MLB: Do Twins need a hitting catcher to complement Suzuki?
OAKLAND, California -- Nearly a full year has passed since the Twins locked up their unlikely successor to Joe Mauer behind the plate. Last July 31, they signed veteran catcher Kurt Suzuki to a two-year, $12 million contract extension with a vest...
OAKLAND, California - Nearly a full year has passed since the Twins locked up their unlikely successor to Joe Mauer behind the plate.
Last July 31, they signed veteran catcher Kurt Suzuki to a two-year, $12 million contract extension with a vesting option for 2017. Fresh off his first all-star appearance - at Target Field, no less - Suzuki appeared primed to take his career to another level.
His production since that time, however, has left the Twins wondering if they might need to get him some help behind the plate.
With 11 days remaining until the July 31 non-waiver trade deadline, the Twins are closely monitoring the likes of A.J. Pierzynski, Jonathan Lucroy, Derek Norris and Alex Avila for potential short- and long-term upgrades behind the plate.
The Atlanta Braves are open to trading the 38-year-old Pierzynski, a pending free agent who is still highly productive for the position, but they are said to be wary of turning the job over to young Christian Bethancourt after his first-half struggles.
An A.J. reunion would be a natural fit for the Twins, who offered him a two-year deal before signing Suzuki. Plan A, however, remains for Suzuki to start hitting again the way he did in his first four months with the Twins.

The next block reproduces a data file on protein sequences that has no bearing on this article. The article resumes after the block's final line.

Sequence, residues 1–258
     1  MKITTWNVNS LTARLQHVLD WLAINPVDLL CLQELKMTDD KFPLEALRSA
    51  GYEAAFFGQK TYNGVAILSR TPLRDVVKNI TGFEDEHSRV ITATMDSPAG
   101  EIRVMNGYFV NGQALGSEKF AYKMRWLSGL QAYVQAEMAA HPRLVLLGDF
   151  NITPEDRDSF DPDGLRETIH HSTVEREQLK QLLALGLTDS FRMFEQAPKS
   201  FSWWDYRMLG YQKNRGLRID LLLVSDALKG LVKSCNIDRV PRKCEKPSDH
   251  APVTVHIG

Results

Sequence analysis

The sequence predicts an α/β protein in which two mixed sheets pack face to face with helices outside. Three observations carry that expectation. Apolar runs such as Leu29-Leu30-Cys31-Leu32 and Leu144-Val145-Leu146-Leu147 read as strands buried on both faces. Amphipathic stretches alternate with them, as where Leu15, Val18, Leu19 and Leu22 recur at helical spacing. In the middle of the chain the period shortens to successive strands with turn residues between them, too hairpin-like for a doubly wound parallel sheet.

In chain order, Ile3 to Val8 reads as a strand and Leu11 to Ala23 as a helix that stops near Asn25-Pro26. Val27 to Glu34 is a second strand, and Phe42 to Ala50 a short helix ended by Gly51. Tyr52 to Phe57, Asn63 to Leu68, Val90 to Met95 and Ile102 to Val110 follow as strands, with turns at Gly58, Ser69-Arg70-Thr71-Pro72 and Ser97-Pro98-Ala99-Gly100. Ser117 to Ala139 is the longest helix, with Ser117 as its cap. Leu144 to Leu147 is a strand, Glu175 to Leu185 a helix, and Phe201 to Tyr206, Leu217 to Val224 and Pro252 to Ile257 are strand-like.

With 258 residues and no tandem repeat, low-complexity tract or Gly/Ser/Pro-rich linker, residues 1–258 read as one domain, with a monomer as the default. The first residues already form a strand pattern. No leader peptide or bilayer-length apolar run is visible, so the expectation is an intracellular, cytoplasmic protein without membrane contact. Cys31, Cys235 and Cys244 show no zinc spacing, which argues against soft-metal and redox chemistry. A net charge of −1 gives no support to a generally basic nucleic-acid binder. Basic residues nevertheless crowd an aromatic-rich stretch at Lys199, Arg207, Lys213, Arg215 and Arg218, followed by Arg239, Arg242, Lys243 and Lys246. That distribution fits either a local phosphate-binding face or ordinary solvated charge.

“He’s done it before, so you know it’s in there,” Twins general manager Terry Ryan said. “I don’t know if you could expect him to get that hot again, but he’s done it before, so it’s not like he couldn’t. We’ll certainly take it.”
The GM smiled and issued a mock directive.
“Go ahead, Kurt, turn it on,” he said. “That would be nice.”
It also would be highly surprising after the 31-year-old’s lengthy slump at the plate.
In his first four months after signing a one-year deal with the Twins, Suzuki hit .306 with a .369 on-base percentage and a .391 slugging percentage. He hit 20 doubles and two homers, drove in 42 runs and benefited from a .326 batting average on balls in play in those 307 at-bats and 90 games.
Since last Aug. 1, however, Suzuki has struggled to a .235 batting average, .285 OBP and .326 slugging percentage, leaving him with a combined on-base/slugging percentage (.611) that is nearly 150 points lower than his initial four-month production with the Twins.
Over his past 114 games and 396 at-bats, Suzuki has 24 doubles, four homers and 45 RBIs.
He has enjoyed seven multi-games in the past six weeks but has just one extra-base hit (a double) and a .236 OBP in his past 57 plate appearances.
For the season, Suzuki’s OPS is an anemic .586. Of 46 catchers with 100 plate appearances, he ranks 38th in weighted and adjusted Runs Created, 40th in Isolated Power (.076) and 29th in OBP (.285).
Asked about this sustained downturn since the extension, Ryan takes pains to view the bigger picture.
“He had a very good offensive half leading up to that,” Ryan said. “He has given us stability. He has given us veteran presence and leadership. I think he’s given us a lot of respect back there with our pitching staff. You can count on him.